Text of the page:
What makes a car truly unique?
In the world of hot rods, it can be a whole host of things. Maybe it has one-of-a-kind modifications. Maybe it’s rare. Maybe it includes standard accessories or a trim package that’s not often seen on that model vehicle. Maybe it’s so original that others barely recognize it.
Whatever your definition, unique cars have the unique advantage of turning the heads of the most novice and expert of car folks alike. And the Hot Rod Power Tour is no stranger to unique rides and the individuals driving them across its week-long, multi-state trek.
So without any further ado, here are the Ten Most Unique Rides we spotted at the Norwalk, Ohio leg of the 2014 Hot Rod Power Tour at Summit Motorsports Park.
1953 Packard Caribbean Convertible
When you’re one of only 750 of a specific vehicle produced, you’re already unique. Not content with its already rare status, owner Bob swapped an LS engine in this 1953 Packard Caribbean convertible. It also sports a Ford 9” rear and 4L65E Transmission.
Bob inherited the car from his father when he passed away. His father had worked on the Packard, but it was still in rough shape. Bob built a complete custom chassis and did all the metal work on the car himself. He had custom coil-over covers made with “Packard” etched in them. He has driven the Power Tour before, but this is his first time in the Packard.
1937 Chevy Coupe Pick Up
This ’37 Chevy is beautiful. But, as unique as the pickup bed appears to be, it was actually a factory option on this car. Chevy introduced the Coupe Pick Up in 1936 as a depression era-vehicle meant to appeal to buyers who needed both a car and pickup. The Coupe Pick Up was available until 1942, when domestic car production halted for World War II. Very few original Coupe Pick Ups remain today.
Chevy Nova Hatchback Hutch
Like the tent on the back of this Nova? You might find it hard to believe it came straight from the factory like this! It was even advertised by Chevy as “The Nova Motel: Low Daily Rates.” We can believe it in 1974 because, well, hippies. This particular Nova is one of a few of these special vehicles still on the road.
1948 Divco Milk Van
Why is it unique? Just look at it! It’s a 1948 Divco UM 8 “rat rod” milk truck sporting the Clover Leaf Dairy Company emblem. If you look closely, you’ll notice even the wheels match the color and sport custom “Divco” caps. We dig it.
“Project Condor” 1949 Chevy 3100 Pickup
On display at the Trick Flow booth, Project Condor is a 1949 Chevy 3100 5-window pickup powered by a 442ci LSX and Trick Flow CNC LS3 Heads with LS7 Rockers. Condor also features new Trick Flow R&D in the intake manifold. The project was born out of an interesting philosophy—to design a performance-based suspension system from scratch.
Another vehicle on display at the Trick Flow booth, the Smokey’s Dyno & Performance BMW E30 “Project GMW” places an LS engine in a BMW E30. The result is a 560hp monster that went 153 mph at the East Coast Timing Association Ohio Mile last month. The E30 also wears Trick Flow GenX 245 CNC-ported cylinder heads, a FAST LSX Intake, and FAST fuel rails with 60 lb/hr Trick Flow fuel injectors. Smokey’s plans to add two turbos once the car reaches its goal of 600 horsepower. Wow.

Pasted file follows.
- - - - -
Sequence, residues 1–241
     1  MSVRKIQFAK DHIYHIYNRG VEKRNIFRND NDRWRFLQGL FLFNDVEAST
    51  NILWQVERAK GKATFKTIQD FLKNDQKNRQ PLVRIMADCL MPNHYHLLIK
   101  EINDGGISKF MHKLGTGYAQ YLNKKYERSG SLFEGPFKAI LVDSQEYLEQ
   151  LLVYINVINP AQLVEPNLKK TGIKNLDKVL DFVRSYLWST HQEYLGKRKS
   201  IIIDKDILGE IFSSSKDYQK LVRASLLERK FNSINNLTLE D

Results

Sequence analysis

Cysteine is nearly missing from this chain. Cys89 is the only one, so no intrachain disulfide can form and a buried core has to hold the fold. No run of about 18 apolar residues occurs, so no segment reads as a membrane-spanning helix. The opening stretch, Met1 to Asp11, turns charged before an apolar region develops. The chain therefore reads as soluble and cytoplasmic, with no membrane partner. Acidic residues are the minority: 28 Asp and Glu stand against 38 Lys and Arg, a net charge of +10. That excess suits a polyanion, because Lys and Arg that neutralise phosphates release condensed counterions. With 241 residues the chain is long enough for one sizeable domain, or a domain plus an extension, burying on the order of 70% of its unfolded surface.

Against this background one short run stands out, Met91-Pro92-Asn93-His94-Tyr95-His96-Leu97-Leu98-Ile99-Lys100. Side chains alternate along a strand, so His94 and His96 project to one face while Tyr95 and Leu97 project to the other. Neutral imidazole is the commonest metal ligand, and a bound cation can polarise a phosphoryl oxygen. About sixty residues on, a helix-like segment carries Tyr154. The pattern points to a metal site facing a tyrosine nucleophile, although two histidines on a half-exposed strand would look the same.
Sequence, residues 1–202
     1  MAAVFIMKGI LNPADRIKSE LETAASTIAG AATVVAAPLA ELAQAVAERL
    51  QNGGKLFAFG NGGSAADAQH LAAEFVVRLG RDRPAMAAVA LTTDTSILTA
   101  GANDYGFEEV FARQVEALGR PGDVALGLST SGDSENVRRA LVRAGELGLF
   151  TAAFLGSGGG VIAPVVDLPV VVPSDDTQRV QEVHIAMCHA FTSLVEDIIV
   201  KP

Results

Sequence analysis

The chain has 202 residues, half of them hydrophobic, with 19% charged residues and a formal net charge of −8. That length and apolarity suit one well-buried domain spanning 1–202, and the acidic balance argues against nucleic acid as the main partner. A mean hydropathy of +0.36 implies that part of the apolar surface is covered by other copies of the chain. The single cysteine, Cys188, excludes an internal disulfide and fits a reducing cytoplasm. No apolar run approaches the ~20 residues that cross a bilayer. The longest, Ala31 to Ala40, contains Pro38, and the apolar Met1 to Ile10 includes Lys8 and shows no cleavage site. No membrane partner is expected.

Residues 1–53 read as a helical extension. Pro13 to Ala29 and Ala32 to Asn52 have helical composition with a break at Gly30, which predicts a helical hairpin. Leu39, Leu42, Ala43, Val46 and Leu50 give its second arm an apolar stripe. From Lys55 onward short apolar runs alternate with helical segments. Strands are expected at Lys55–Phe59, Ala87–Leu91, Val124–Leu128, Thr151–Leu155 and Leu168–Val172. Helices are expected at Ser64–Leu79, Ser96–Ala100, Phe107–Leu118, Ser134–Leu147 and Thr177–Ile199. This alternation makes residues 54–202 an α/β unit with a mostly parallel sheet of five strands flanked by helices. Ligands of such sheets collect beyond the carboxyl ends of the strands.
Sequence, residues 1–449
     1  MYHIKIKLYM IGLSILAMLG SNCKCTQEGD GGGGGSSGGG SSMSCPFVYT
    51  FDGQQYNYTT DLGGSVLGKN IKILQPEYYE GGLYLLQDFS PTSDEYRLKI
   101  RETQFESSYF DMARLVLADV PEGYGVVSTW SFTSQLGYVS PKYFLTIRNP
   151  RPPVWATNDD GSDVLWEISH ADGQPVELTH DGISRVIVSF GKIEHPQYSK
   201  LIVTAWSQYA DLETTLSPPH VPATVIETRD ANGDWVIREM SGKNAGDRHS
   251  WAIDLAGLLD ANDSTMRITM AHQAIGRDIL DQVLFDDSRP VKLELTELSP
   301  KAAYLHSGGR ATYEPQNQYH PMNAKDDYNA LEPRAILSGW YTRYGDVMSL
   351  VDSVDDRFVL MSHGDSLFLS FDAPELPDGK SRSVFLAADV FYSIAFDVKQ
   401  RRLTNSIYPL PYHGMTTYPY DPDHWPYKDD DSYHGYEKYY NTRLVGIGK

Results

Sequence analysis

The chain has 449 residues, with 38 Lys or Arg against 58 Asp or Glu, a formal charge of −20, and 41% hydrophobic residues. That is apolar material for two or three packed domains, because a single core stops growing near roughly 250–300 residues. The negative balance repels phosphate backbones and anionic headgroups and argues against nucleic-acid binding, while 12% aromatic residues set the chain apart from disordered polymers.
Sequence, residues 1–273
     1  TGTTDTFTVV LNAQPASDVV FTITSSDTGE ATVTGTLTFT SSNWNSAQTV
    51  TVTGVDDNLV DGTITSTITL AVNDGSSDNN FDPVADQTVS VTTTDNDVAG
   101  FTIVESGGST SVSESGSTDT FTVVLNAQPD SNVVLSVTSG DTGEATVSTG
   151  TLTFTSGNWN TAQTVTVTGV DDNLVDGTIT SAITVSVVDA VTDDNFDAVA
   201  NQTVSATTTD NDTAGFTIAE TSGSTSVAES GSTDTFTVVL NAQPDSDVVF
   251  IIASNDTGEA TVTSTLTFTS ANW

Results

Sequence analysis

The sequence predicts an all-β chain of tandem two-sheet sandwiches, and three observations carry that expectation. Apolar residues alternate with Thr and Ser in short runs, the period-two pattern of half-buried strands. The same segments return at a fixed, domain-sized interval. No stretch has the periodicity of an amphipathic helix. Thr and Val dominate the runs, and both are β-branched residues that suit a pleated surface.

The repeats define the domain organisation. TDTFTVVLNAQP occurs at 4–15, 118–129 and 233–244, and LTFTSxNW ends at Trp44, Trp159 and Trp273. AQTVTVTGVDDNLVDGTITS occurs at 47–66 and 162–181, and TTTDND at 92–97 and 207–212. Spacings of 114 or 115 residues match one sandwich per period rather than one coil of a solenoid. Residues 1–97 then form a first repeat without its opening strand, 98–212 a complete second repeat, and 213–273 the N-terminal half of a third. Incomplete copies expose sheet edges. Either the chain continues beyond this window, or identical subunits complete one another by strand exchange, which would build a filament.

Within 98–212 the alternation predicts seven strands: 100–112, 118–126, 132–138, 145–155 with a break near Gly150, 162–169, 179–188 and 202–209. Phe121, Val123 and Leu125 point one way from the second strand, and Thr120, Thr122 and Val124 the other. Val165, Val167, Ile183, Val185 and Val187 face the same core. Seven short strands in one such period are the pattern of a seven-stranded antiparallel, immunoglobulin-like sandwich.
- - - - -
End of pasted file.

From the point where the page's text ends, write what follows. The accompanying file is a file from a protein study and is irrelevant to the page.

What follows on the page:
1959 Edsel Villager Surf Wagon
Why is it unique? Well, for starters, it’s an Edsel. And it’s driving across a large portion of the country. In fact, this is American Powertrain’s 1959 Edsel Villager Surf Wagon. It’s unique as it is, let alone the fact that American Powertrain swapped in a 5-speed Tremec T-5…two days before it left for the 2012 Power Tour. Awesome stuff.
Rutledge Wood’s 1949 Chevy Step Van
We know we’ve talked about it before, and before that, and before that…but what can we say? We’re proud! Summit Racing helped Rutledge Wood and American Resto Mods on the ’49 Chevy Step Van build last year. It was completed in time for SEMA 2013, displayed at our booth at the Summit Racing Equipment Atlanta Motorama in April, and Rutledge took it on both the 2013 and 2014 Power Tours. Whether you prefer the British or American versions of Top Gear, Rutledge is a legit car guy. Speak with him for a couple minutes and tell me I’m wrong. He has an energy and passion for the hobby, collects cars himself, and loves building unique projects that drive attention…then he drives them around the country.
Rutledge could no sooner park the Step Van at the Summit Racing booth before being surrounded by dozens of attendees. The crowd quickly grew even larger, and Rutledge responded by grabbing a stack of cards and hosting an impromptu meet-and-greet autograph session at one of our tables. He’s a car guy, but he’s also a class act.
Kicker 1950 Studebaker Champion
This 1950 Studebaker Champion is the first vehicle Kicker designed and built for a SEMA show. It debuted in 2013, and features an LS3, 4L65E trans, and Strange 9-inch rear. The color is black cherry, the wheels are copper-colored 20” Daytons, and the Studebaker’s legendary cone was customized in copper. Being built by Kicker it, of course, features a massive sound system in its trunk.
1970 Oldsmobile Vista Cruiser
Who doesn’t love a good wagon? The Vista Cruiser is already cool by nostalgic family standards, but throw in an Edelbrock/Lingenfelter Edition E-Force supercharged LS3 to give this 1970 Olds 650 horsepower, and you’ll blast your way through a family road trip or Power Tour before the kids in the back can ask if you’re there yet!
Certainly there are hundreds of really unique vehicles on each leg of the Hot Rod Power Tour, and we know we missed tons that we’d love to have spotted and included in this list. If you saw any, share your pictures with us on Summit Racing’s Facebook page.
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